Tag Archives | july 2016

July 17th Northeast Colorado Tornado Warned Supercell

July 17th was a high plains upslope set up. Southeast winds along a boundary would funnel moisture into the Cheyenne ridge. A supercell formed early afternoon near Chugwater, WY and would right turn and track down the boundary into northeast Colorado. This storm was outflow dominant most of its life cycle and was a major hail producer. In Colorado it became tornado warned, although not a big threat in my opinion since it was outflow dominant. We came across some beautiful landscapes to photograph the storm, and everyone had a great time with it. The storm never produced a tornado but it did produce significant hail the size of baseballs along its path.  This was to be the last great day for the season as we wrapped up tours and headed home to Denver. Thank you all for a wonderful tour season. We have the best guests and guides on the planet!

July 15th Syracuse, Kansas Tornado

July 15th had big potential. An outflow boundary lay across the Kansas/Colorado border area by early afternoon. A cold front intersected that boundary near Cheyenne Wells, CO. Deep moisture, strong shear and high instability formed along and east of the boundary. By 2pm a severe storm formed and quickly became supercellular. It tracked due south right along the outflow boundary. We encountered huge hail the size of baseballs to softballs near Arapahoe, Colorado. Fortunately we did not lose any windows. We dropped south and had to stay on the western side of the storm where very hot and dry air was being entrained in the supercell creating a violent downdraft with intense blowing dirt and 90 mph winds. Finally at Granada, CO we were able to go east and get into the better moisture. As our storm gusted out, another storm formed on the boundary and ingested 84/70 air! A lowering quickly formed and within 20 minutes started rotating. A truncated cone funnel formed and dissipated 5 minutes later. We were right in the path of the mesocyclone. We moved a mile east and stopped. Rotation dramatically increased and soon a tapered white funnel formed. Another one formed and wrapped around the larger one. The larger funnel touched down and became a stout stovepipe tornado. It widened into a large cone. I couldn’t believe my eyes! Was this May or July?  This was the largest July tornado I had ever witnessed in Kansas. The tornado moved south with a large debris cloud and after 19 minutes, roped out. It was quite the sight to see! An absolutely amazing day for the Great North Tornado Hunt tour again!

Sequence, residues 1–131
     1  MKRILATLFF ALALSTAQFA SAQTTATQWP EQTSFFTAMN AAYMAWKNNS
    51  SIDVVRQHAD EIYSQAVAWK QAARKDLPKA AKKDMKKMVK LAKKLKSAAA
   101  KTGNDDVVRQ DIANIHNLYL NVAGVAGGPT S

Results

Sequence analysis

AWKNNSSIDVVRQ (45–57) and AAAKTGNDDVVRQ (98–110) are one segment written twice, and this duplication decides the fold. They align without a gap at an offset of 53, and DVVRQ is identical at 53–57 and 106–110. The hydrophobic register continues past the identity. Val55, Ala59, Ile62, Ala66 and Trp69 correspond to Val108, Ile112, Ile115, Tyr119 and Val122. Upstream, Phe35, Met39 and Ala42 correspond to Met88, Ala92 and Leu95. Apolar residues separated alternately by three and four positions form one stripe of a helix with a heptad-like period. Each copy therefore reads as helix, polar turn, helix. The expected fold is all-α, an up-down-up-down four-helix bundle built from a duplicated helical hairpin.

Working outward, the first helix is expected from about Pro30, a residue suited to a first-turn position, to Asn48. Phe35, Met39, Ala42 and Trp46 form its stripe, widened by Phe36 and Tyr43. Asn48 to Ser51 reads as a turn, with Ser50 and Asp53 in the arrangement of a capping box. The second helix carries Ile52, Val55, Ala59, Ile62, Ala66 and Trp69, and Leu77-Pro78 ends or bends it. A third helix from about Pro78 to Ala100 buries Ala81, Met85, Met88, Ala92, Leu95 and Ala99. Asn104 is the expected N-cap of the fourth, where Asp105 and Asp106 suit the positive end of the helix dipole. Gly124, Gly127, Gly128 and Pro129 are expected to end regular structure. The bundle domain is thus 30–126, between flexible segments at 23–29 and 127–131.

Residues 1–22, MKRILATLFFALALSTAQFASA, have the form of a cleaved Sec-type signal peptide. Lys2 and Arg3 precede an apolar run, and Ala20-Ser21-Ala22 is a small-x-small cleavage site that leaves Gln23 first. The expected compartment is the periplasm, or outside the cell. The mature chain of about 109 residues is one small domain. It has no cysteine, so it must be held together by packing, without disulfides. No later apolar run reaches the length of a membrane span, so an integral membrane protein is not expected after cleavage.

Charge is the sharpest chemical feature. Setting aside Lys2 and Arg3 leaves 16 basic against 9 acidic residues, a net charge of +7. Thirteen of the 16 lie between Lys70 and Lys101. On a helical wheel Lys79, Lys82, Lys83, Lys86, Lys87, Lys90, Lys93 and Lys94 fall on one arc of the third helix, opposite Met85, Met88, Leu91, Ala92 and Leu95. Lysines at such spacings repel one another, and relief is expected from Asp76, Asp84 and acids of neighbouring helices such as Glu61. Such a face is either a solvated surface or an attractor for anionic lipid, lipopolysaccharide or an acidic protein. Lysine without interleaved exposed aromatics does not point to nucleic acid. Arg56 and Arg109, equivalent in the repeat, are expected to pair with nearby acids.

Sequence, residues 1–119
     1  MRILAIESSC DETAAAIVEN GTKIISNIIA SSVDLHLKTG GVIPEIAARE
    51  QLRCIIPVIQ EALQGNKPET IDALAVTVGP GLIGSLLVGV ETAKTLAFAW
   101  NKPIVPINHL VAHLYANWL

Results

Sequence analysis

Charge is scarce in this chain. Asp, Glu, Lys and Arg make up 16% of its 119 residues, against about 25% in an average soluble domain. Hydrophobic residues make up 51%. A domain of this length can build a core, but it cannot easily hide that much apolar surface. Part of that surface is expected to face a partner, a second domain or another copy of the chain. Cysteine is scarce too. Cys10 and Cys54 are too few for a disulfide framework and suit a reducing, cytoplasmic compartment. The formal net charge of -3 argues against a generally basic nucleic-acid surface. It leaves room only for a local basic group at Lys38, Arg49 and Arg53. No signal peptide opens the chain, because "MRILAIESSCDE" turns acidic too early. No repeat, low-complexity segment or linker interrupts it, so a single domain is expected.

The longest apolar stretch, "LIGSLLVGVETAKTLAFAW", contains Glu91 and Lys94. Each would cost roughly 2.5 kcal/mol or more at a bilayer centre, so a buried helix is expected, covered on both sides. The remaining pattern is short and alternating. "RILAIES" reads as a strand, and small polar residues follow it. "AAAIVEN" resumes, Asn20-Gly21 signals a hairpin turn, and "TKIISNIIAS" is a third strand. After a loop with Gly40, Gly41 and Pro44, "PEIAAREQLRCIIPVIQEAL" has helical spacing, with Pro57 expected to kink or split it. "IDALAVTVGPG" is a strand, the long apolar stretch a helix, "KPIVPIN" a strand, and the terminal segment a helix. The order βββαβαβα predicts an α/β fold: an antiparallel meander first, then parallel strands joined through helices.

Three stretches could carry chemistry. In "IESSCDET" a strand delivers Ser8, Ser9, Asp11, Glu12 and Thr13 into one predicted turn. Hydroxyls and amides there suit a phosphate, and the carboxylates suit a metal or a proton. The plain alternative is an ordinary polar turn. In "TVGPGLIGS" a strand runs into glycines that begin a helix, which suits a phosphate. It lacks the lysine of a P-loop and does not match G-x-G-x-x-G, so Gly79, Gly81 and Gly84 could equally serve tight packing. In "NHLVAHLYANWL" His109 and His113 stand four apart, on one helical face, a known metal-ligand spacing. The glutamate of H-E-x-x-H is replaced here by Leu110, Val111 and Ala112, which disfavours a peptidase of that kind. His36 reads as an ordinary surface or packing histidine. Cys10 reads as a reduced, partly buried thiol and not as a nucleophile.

July 13th Peckham, Oklahoma Gorgeous Supercell

July 13th was the second great day for the Great North Tornado Hunt tour. We started the day in Wichita. Extreme heat and instability would form that afternoon with temperatures near 100F and dewpoints in the upper 70s. Cells tried to form for a couple hours along a dryline/outflow boundary composite, and finally by around 5pm a significant supercell formed just west of Arkansas City, KS. This storm quickly became severe for large hail to tennisball size. As it continued to intensify, it moved due south towards northern Oklahoma near Peckham. This storm was a striated beast. It had continuous lightning, huge hail to baseball sized, and a wall cloud that spun like crazy.  By mid evening, the storm weakened as it merged with other cells to its west, and eventually lined out moving into central Oklahoma. One of my favorite nontornadic chases of 2016!

July 10th Eastern Montana Tornado Warned Supercell

July 10th was day one for the Great North Tornado Hunt.  A strong area of low pressure over southern Montana and an associated warm front extending east of there would provide the lift to produce numerous storms, including a few supercells. We intercepted the only tornado warned supercell in the country near Baker, Montana and followed it eastward along the boundary as it spun wildly. A few of times it appeared to produce a couple of funnels and even a brief dirt swirl under one, but the story with this beast was the pretty structure and amazing green colors.  This supercell produced very large baseball sized hail and had long inflow bands eastward from the updraft. The open prairieland of eastern Montana always gives a great foreground for one of nature’s most violent storms, the supercell. A fun way to start off the final tour of the year!